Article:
The coronavirus seems to be exerting itself upon all phases of life, and your intellectual property is not immune. While you, your families, your friends, and your colleagues are getting comfortable with the new normal of social-distancing, intellectual property (IP) offices worldwide have also been grappling with how to handle the impact of coronavirus (also referred to as COVID-19).

Responses from IP offices around the world are varied and evolving, as the landscape changes in each individual country and on a global scale. For example, some offices, such as the European Patent Office (EPO), India, and the United Kingdom, have automatically extended deadlines, while others have refrained from any extensions but permit, under certain circumstances, remedial action for rights lost due to effects of the coronavirus. While the U.S. Patent and Trademark Office (USPTO) has not provided for automatic extensions, certain deadlines associated with patent and trademark filings and fees will be extended for 30 days provided the delay in filing or payment was due to the COVID-19 outbreak. Additionally, the USPTO will waive the petition fee to revive certain lost rights resulting from a failure to take action due to effects of the coronavirus.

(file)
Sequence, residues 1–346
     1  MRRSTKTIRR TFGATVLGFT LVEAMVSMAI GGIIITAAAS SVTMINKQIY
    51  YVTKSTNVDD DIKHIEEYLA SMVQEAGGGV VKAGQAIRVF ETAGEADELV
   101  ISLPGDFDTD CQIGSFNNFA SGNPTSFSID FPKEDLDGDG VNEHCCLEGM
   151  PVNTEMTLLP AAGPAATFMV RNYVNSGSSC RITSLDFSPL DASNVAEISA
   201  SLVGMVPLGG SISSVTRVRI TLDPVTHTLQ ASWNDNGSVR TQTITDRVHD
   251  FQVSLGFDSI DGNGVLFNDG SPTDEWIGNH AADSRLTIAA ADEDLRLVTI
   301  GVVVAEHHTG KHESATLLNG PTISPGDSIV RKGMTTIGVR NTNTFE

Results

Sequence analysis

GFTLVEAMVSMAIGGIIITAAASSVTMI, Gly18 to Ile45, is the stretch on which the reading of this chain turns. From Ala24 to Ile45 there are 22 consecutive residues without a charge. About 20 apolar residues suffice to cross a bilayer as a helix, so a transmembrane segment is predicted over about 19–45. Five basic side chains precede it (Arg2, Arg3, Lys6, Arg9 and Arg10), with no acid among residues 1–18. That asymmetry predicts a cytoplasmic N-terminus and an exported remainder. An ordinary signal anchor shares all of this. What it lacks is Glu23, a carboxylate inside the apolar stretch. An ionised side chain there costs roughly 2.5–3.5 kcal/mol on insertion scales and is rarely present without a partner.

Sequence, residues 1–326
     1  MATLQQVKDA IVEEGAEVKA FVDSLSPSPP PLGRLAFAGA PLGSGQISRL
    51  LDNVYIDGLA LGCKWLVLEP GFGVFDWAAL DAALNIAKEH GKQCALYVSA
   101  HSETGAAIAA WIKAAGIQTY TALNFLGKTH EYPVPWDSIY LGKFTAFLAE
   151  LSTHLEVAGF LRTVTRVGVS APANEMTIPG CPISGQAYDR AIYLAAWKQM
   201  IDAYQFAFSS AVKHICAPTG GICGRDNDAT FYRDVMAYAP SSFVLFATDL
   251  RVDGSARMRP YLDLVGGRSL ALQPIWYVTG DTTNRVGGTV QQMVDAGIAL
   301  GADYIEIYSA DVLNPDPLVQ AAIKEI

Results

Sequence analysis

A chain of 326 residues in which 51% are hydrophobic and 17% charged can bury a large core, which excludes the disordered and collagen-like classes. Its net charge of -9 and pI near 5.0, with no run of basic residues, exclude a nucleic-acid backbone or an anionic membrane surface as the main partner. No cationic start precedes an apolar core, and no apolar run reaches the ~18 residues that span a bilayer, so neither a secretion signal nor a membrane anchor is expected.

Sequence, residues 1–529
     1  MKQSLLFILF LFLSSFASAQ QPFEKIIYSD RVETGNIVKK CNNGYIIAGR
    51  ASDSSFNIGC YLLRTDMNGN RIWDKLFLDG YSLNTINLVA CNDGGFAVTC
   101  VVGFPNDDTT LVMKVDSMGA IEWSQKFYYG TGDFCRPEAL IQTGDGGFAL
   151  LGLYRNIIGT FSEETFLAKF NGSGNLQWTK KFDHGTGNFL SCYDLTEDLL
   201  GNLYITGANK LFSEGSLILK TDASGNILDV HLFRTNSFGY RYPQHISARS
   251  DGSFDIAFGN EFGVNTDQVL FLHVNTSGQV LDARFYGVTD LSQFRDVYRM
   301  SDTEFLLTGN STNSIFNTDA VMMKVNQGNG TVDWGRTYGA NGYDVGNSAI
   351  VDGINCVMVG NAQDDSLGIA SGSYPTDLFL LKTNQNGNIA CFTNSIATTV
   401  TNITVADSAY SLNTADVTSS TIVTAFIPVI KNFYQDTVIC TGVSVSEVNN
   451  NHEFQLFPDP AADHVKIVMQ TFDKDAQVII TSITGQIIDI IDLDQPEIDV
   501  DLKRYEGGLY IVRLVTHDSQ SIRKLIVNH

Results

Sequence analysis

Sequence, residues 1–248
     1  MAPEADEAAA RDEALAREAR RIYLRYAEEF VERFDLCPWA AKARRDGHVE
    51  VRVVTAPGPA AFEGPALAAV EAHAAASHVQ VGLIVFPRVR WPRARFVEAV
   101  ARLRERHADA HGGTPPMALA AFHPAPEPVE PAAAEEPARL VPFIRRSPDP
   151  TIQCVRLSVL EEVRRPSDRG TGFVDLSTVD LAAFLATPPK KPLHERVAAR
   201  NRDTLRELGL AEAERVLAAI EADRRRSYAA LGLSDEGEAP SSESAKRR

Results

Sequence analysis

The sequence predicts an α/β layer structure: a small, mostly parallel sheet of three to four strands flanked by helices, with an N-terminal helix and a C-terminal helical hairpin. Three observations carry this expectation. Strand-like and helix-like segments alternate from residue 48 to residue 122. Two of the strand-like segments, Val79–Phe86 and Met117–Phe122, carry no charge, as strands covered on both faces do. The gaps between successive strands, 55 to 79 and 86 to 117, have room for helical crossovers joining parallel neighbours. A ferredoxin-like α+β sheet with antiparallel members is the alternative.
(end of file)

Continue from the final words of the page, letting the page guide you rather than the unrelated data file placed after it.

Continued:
The chart provides the impact of coronavirus on patent and trademark proceedings at several IP offices worldwide as of March 30, 2020. Given the evolving nature of the situation, we expect further guidelines and notices from IP offices in the coming days and weeks. We are monitoring the situation and intend to provide further updates as information unfolds. If there is a question as to whether or how coronavirus may impact your IP rights, we recommend reaching out to a trusted lawyer to ensure that all IP rights are properly maintained and to determine if any action is required where ability to meet an official deadline may be called into question due to coronavirus.